Posted by Lucia LoTempio, Head Poetry Editor for 2.2
Hello readers, writers, and literature lovers! I am so pleased to announce that Issue 2.2 is a go! After months of reading, copyediting, and too much Chinese food, our spring edition has made it to the printers. I know you all are like me and can’t wait to get that shiny new copy in your hands—and let me tell you, the cover this year is thebomb.com. They’ll be calling your name on Amazon and at our Launch Party April 30th at 2:30pm in the Hunt Room in Geneseo (be there or be square).
Our contributors this time around were selected from our largest submission pool yet. Each piece has a unique permanence that commands attention. Some are sharp in their poignancy, while others are invigorated with humor. Not one is the same.
This issue will feature Hannah Glaser, whose art is a focal point in the issue. Her art is elevated by her awareness of composition and color. Her watercolor portraits draw on the everyday, but are specific in their demand for intimacy. They also maintain a dreamlike quality, much like her quill and ink drawing of a street in Geneseo. You know that what she is depicting is realistic, but you can’t tell if it is “real life” or a dreamscape.
Along this vein of unreality, Andrea Springer’s poem “Barbie’s Confrontation Dreamhouse” is easily one of the funniest pieces in the upcoming issue. With killer lines like, “Fill pliable head with thoughts of being sexy doctor & sexy astronaut & sexy Susan B Anthony / to forcibly squeeze out irritants. Meld four surrounding digits into springloaded middle finger,” Springer is hyper-aware of the connotations that come with discourse about Barbie, and pushes them into this new space. She will make you laugh and she will also make you think.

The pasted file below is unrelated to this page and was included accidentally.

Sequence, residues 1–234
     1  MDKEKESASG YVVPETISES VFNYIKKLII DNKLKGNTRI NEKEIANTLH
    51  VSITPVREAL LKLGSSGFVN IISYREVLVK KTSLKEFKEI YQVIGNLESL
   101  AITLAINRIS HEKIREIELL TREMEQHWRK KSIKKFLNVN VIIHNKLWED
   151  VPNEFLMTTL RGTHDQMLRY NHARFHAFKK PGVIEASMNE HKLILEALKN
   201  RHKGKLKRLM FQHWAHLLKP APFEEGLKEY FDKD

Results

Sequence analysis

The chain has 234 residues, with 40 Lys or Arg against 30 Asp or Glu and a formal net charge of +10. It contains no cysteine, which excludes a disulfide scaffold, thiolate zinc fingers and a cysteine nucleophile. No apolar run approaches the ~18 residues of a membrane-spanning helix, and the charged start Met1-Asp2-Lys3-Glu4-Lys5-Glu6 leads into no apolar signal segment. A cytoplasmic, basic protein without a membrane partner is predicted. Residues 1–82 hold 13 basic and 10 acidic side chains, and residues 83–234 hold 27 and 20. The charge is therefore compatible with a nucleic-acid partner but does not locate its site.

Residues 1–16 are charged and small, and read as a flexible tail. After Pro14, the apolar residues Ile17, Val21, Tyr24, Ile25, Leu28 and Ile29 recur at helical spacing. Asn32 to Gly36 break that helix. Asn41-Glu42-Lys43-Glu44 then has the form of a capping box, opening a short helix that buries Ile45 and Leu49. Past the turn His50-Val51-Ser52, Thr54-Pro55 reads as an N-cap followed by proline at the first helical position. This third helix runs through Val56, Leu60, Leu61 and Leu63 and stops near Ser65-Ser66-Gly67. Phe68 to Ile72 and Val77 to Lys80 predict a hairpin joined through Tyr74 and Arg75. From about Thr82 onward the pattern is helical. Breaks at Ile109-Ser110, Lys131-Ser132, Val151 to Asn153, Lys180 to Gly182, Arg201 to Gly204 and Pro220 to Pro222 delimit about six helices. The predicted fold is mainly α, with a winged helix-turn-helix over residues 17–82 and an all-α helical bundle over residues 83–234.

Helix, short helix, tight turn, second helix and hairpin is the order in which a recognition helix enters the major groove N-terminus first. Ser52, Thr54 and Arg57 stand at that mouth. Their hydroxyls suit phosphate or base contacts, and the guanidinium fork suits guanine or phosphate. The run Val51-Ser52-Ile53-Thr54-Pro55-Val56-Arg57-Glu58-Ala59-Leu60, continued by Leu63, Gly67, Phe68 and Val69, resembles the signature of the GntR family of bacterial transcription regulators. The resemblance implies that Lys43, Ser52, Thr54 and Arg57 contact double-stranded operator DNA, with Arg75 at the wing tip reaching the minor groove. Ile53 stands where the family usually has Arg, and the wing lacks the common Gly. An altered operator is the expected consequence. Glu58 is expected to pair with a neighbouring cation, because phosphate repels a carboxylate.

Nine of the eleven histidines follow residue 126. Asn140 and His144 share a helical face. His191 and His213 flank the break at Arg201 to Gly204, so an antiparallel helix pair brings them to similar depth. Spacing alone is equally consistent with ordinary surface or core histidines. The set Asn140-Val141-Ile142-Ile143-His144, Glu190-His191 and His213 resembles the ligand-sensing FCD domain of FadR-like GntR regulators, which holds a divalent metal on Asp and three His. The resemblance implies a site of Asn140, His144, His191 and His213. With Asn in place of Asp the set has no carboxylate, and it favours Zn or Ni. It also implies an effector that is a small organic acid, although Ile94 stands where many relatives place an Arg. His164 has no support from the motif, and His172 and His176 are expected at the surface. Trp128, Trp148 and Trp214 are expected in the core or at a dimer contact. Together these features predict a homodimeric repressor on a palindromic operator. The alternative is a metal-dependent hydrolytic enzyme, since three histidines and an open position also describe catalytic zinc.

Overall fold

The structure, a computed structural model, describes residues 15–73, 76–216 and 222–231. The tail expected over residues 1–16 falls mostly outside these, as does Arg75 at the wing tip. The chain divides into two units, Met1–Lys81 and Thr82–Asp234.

While Stephanie Nawrocki also has some comedic moments in her personal essay about a restaurant where she worked “Broken Bucket Wisdom,” her skilled use of detail and language leaves you heartbroken. I found myself tearing up as the narrator recalls her mother’s complete rejection of her sexuality. This is underscored by her older coworker Yasuko’s wisdom. The piece maintains a realness and an honesty that defines good nonfiction.
There are many more talented writers and artists in this issue. The issue features fiction by Suraj Uttamchandani, James Fitz Gerald, Jim Ryan, Sarah Christ, Joshua Keller, and Brandon Rumaker; nonfiction by Meagan Kearns and Emily Webb; poetry by Bibi Lewis, Anna Kushnir, Madeline Herrick, Sarah Corcoran, Joseph O’Connor, Stephon Lawrence, and Megan Nolan; art by Julianna Rocco, Joseph O’Connor, Sarah Simon, Samantha Lambert, Jason Zimmerman, and Danielle Levin; and music and lyrics by Kirsten Maxwell and Amy Bishop. The issue also features an interview with fiction writer and author of At-Risk, Amina Gautier.
Our issue is diverse, but maintains a sense of cohesion. Our submissions spanned the SUNY system, and we are pleased to be publishing work from many different universities, including SUNY Albany, SUNY Geneseo, SUNY Binghamton, and SUNY Fredonia. We know you will enjoy this collection of artists and writers as much as we do. Get your copy ASAP!